Outline and Assess the View that the Law Operates to Serve the Ruling Class (50 marks)

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Outline and Assess the View that the Law Operates to Serve the
Ruling Class (50 marks)
Pease (1994) said, `Crime comprises those actions which are deemed so damaging to
the interest of the community that the state determines that it must take a direct role
in identifying and acting against the criminal.' Downes and Rock (1998) said `Deviance
may be considered as banned or controlled behaviour which is likely to attract
punishment or disproval.' In short, `Deviance' is a social construct that can change
across time and place and `Crime' is an action that breaks the law.
As crime is subjective concept we must look at the explanations of crime and how it
occurs, this assumption clearly suggests that social class plays a large role in
explanations of crime. We must consider how social class affects us as a society and
thus how it is reflected in the laws set for our society to conform to. The idea of the
law serving the ruling class is clearly a Marxist perspective however other
sociologists do appreciate this assumption particularly Interactionists and Left
Realists. In order to assess the view accurately other factors must be considered for
example how the law operates to serve different genders, ages and ethnicities as well
as social classes.
Firstly Marxists would argue that the ruling class are protected by the law and
therefore are less likely to be prosecuted for a crime. Snider found that the state is
reluctant to pass laws that regulate large capitalist concerns for example: laws on
health and safety or monopolies, as it can scare off investors and damage profitability
for the state's economy. This suggests that the law serves the ruling class because it
protects them from being punished, as laws aren't in place to prevent business crimes
and prosecute the criminals. Furthermore we can suggest that this happens due to
those who make the laws being part of the ruling class; politicians are predominantly
wealthy middle class individuals and therefore are unlikely to regulate laws that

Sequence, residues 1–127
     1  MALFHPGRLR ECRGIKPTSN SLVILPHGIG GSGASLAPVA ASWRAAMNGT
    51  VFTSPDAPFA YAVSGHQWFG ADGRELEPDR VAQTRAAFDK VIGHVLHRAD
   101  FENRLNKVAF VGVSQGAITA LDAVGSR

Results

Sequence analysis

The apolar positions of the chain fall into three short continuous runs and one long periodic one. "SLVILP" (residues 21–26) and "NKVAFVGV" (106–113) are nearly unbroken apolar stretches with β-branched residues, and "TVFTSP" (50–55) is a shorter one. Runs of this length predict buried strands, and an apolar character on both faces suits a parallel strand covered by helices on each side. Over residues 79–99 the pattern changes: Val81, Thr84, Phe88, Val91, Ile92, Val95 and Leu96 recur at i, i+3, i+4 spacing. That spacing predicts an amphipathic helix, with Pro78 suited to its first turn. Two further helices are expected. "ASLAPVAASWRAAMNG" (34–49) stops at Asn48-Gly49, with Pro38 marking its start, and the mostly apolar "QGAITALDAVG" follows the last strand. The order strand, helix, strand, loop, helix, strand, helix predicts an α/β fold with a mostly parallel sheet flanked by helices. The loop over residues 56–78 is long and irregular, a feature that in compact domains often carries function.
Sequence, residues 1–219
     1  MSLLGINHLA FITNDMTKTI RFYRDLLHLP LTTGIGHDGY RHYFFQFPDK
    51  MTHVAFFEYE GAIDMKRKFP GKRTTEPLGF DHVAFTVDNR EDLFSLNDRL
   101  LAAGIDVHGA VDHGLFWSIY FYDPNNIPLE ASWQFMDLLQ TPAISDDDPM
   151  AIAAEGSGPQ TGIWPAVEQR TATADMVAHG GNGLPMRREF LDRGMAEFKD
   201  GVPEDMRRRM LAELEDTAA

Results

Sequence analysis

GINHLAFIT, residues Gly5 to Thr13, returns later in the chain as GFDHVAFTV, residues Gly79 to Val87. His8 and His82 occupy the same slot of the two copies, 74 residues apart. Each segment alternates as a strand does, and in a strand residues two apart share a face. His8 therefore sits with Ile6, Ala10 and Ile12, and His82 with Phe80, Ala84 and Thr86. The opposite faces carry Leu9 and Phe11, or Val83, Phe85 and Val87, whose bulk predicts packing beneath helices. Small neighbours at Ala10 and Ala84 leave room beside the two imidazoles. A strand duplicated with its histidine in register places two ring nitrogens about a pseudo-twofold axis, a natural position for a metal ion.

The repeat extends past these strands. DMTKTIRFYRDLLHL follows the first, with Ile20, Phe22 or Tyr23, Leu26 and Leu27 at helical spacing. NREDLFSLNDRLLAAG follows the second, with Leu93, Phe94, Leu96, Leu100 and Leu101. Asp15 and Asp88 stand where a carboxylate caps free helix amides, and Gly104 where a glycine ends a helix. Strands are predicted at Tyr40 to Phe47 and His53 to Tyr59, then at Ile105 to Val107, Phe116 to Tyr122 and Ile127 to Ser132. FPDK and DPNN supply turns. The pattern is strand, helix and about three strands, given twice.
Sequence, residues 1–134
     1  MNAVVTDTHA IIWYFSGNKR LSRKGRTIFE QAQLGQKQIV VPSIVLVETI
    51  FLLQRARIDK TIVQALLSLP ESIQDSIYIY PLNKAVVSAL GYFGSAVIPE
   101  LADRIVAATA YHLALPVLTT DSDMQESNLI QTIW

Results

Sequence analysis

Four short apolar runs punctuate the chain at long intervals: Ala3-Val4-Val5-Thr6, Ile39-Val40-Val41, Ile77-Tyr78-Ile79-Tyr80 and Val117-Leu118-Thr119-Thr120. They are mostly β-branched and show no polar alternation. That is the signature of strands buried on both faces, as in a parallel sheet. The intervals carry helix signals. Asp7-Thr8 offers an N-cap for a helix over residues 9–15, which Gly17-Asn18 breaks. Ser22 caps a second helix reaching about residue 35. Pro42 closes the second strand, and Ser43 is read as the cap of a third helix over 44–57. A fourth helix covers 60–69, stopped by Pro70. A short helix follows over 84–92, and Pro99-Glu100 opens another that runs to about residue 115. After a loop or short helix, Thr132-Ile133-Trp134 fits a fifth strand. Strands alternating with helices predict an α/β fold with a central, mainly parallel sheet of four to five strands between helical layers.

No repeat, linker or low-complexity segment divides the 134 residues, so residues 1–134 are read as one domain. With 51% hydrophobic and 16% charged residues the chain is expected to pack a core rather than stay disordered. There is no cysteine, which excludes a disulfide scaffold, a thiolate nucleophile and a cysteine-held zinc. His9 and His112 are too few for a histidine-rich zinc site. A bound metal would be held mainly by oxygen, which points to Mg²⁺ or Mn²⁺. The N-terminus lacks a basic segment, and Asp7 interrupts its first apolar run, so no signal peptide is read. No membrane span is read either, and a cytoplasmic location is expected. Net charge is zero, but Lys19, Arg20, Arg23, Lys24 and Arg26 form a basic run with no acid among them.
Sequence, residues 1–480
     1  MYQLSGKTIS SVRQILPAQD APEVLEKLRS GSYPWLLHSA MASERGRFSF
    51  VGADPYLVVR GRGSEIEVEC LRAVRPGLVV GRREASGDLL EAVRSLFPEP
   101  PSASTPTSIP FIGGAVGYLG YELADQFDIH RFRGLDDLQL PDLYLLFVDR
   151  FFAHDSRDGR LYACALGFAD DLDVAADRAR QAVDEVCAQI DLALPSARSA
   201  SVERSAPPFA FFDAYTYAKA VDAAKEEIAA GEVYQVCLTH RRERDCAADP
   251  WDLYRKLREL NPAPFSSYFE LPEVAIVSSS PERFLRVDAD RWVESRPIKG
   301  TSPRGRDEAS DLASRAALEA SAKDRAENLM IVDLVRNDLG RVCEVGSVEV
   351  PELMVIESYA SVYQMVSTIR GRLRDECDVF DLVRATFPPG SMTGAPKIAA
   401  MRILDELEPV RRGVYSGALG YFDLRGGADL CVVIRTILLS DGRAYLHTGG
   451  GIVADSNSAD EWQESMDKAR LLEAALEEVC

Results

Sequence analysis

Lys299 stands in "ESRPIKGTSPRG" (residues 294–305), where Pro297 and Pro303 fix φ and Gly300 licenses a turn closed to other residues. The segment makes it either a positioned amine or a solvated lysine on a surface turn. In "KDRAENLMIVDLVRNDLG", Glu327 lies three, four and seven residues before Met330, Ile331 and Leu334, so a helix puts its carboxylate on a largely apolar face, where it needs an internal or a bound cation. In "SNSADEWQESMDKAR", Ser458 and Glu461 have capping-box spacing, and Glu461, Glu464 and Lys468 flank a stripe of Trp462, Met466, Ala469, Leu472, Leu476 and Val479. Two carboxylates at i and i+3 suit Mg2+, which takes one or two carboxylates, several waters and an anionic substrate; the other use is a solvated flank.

could potentially damage their own wealth and so work together to safeguard
hegemony; this is the dominance of one social group. A contemporary example of this
is the Guinness Affair, this crime was committed by the chief executive of Guinness

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and a number of financiers all with well paid jobs and high status, these individuals
worked together to manipulate the stock market in order to inflate Guinness shares
causing a surge of investment that was let down by the realistic value of the shares.
The four criminals were convicted but the case was dismissed as it was regarded as
`against their human rights'.…read more

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society has discarded them they no longer need to be represented in the law and so
the law fails to serve their needs as it is seen as unnecessary. An example of the
effects of this in society is the London Riots, the rioters were mainly working class
individuals and could be said to represent a feeling of deprivation from the working
classes, as theft became a central aspect of the riots.…read more

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`hug a hoodie' and went for a tougher approach bringing in new harsher policies. As
the Prime Minister was making these decisions it will have had an adverse affect on
society and stereotyping all working class youths as criminals. By scapegoating,
shifting the blame onto one group, the working class the law-influenced media is
serving the ruling class by protecting them from being seen as criminals.…read more


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